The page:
Environmental Health - Toxic Substances
U.S. Geological Survey Toxic Substances Hydrology Program--Proceedings of the Technical Meeting Charleston South Carolina March 8-12, 1999--Volume 3 of 3--Subsurface Contamination From Point Sources, Water-Resources Investigations Report 99-4018C
Geochemical and Microbiological Processes in Ground Water and Surface Water Affected by Municipal Landfill Leachate
Landfilling is the most common method of disposal of municipal waste. The United States produces more than 150 million tons of solid waste each year, over 70 percent of which is disposed of in landfills. According to the U.S. Environmental Protection Agency, 3,581 landfills were operating in the United States in 1995, down from 7,683 in 1982. Many of the now-closed landfills were unlined and sited on alluvial deposits because the land had little economic value and excavations were conveniently available from sand and gravel operations. Whereas Superfund and other hazardous-waste sites have received much attention, little is known about the hazards to ground-water resources and environmental receptors posed by a typical municipal landfill.
In 1995, the U.S. Geological Survey began an intensive investigation as part of the Toxic Substances Hydrology Program at a closed municipal landfill in Norman, Oklahoma. The Norman Landfill Research Site is located on the Canadian River alluvial plain in central Oklahoma. Due to the prevalence of landfills in this type of hydrogeologic setting, an increased understanding of the hydrologic and geochemical processes controlling the migration of organic and inorganic contaminants from the Norman landfill is applicable to many sites across the United States. The contamination of the shallow alluvial aquifer at the Norman landfill provides an excellent opportunity to study the spatial variability of biogeochemical processes and the resulting effects on the fate of degradable contaminants in the leachate plume. The existence of zones with differing anaerobic microbial processes facilitates investigations of the role of electron acceptors on the fate of organic compounds in situ. The influence of surface-water and ground-water interactions on contaminant degradation can be studied where the slough, a small stream and wetland, overlie the leachate plume. The shallow water table provides a setting to study how recharge and seasonal surface-water inputs affect aquifer chemistry and interaction with a leachate plume. The heterogeneous permeability structure of the alluvium provides an opportunity to study the effects of physical heterogeneities on the fate and transport of contaminants in the aquifer.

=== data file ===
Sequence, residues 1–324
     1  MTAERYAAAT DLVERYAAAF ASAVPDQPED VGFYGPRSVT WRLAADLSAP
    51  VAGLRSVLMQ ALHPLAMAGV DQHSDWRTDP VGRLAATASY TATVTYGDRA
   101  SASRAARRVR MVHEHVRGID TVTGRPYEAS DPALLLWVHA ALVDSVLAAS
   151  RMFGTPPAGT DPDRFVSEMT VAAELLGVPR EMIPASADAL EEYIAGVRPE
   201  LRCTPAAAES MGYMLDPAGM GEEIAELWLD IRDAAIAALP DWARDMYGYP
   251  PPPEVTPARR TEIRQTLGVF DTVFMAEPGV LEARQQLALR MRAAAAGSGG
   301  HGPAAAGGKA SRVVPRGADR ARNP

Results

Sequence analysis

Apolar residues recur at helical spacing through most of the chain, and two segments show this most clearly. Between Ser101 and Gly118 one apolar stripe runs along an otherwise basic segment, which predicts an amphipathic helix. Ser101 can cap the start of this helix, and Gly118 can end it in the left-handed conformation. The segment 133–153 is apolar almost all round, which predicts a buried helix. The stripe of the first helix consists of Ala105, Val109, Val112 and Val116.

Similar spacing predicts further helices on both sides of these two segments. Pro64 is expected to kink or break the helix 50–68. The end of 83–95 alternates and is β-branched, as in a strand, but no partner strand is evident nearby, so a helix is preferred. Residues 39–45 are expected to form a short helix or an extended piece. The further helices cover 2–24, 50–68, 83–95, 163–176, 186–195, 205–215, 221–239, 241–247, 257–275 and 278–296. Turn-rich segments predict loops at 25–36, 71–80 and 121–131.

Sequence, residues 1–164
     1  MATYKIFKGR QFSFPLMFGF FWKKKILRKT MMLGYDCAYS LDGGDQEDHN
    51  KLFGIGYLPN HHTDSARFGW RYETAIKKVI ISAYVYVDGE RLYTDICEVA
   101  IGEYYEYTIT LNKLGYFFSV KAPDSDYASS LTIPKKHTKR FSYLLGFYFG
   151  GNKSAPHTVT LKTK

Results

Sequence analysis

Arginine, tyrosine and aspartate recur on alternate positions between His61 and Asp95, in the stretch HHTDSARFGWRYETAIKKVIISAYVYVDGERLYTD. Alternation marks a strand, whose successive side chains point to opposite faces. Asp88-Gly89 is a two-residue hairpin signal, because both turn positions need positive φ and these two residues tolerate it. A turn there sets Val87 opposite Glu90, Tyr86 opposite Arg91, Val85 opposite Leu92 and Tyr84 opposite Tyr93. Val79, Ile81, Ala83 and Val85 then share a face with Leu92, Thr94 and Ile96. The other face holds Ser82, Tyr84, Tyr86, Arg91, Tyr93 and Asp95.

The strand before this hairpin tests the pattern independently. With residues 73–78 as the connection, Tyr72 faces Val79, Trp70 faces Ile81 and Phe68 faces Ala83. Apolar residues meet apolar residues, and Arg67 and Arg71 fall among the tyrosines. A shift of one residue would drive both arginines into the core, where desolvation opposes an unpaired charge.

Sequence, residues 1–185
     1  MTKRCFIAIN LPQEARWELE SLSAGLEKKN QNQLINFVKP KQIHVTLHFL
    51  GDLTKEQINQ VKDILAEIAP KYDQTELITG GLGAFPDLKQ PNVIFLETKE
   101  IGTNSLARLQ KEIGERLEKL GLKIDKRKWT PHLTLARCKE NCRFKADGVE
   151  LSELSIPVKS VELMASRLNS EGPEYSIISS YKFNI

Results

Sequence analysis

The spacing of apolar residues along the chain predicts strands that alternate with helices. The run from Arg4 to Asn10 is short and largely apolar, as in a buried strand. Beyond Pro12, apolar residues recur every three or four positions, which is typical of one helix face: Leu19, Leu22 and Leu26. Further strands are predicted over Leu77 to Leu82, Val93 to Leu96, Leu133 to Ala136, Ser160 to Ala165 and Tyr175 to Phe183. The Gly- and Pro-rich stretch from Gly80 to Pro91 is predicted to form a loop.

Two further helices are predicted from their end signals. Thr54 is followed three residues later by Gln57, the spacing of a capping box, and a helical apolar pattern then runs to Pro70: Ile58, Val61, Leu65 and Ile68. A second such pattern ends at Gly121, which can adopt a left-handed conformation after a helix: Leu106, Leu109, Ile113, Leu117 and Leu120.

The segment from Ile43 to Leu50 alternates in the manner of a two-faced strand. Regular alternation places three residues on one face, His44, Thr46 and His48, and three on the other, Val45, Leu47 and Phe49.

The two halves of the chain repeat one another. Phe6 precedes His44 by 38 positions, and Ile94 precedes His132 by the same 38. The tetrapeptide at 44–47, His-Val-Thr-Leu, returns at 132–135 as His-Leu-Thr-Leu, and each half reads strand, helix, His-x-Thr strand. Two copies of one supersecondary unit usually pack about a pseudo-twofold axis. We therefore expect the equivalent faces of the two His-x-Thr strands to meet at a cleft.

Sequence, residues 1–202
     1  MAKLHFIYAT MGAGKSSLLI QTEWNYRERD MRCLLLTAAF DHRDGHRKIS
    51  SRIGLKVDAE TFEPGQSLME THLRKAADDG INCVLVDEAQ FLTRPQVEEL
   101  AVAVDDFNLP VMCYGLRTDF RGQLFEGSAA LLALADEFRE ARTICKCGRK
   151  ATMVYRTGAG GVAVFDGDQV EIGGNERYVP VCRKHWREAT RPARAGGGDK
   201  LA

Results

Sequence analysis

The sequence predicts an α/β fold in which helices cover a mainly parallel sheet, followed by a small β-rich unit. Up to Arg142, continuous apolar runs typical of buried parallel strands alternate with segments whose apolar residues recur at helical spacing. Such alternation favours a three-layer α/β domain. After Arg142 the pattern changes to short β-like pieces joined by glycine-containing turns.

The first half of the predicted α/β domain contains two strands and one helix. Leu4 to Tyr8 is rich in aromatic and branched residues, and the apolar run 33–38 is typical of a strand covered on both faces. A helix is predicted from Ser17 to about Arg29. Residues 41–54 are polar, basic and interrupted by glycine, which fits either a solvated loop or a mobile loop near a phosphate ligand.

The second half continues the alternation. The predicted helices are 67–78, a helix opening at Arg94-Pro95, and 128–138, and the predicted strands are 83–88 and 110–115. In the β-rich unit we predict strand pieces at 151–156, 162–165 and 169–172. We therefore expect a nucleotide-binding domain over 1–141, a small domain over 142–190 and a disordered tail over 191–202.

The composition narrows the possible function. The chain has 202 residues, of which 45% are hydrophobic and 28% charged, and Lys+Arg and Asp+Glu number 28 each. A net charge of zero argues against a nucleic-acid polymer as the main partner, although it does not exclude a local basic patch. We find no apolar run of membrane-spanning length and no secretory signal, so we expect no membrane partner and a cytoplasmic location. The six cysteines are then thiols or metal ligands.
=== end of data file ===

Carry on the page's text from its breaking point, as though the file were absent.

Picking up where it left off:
The landfill accepted solid waste from the City of Norman, Oklahoma, from 1922 to 1985, when the landfill was closed and covered with a vegetated earthen cap. The landfill never utilized liners or leachate collection systems, and a leachate plume has developed that extends at least 225 meters from the edge of the landfill. The shape and size of the plume is influenced by physical heterogeneities and changes in hydrologic conditions at the site. Several transport and reaction zones have been identified along a transect from the edge of the landfill, under the slough, and toward the Canadian River (fig. 1). The observed spatial variability of the leachate plume is due to the complex interaction between biogeochemical and hydrogeological processes, including biodegradation, sorption, dispersion, and dilution. The heterogeneity of available electron acceptors and the mixing of anoxic plume water with oxygenated recharge water have resulted in a wide range of microbial degradation rates.
The research products from the studies at the Norman landfill will include a conceptual model describing the flow system and the nature and magnitude of biogeochemical processes that occur as landfill leachate reacts with native ground water and aquifer solids. Additionally, quantitative analysis of the flow system and the biogeochemical processes affecting the fate and transport of landfill-derived contaminants will facilitate the development of a geochemical budget for iron, sulfur, and carbon in the contaminated aquifer and surface water, and will further our understanding of the evolution of the contaminant plume. The emphasis of this research project is on developing an understanding of the processes controlling contaminant migration and attenuation. The knowledge gained from studying the Norman landfill will provide insight into natural biogeochemical and hydrogeologic processes that cause intrinsic bioremediation and will be of use in the design of effective bioremediation technologies.
For additional information contact:
Scott C. Christenson,
Isabelle M. Cozzarelli,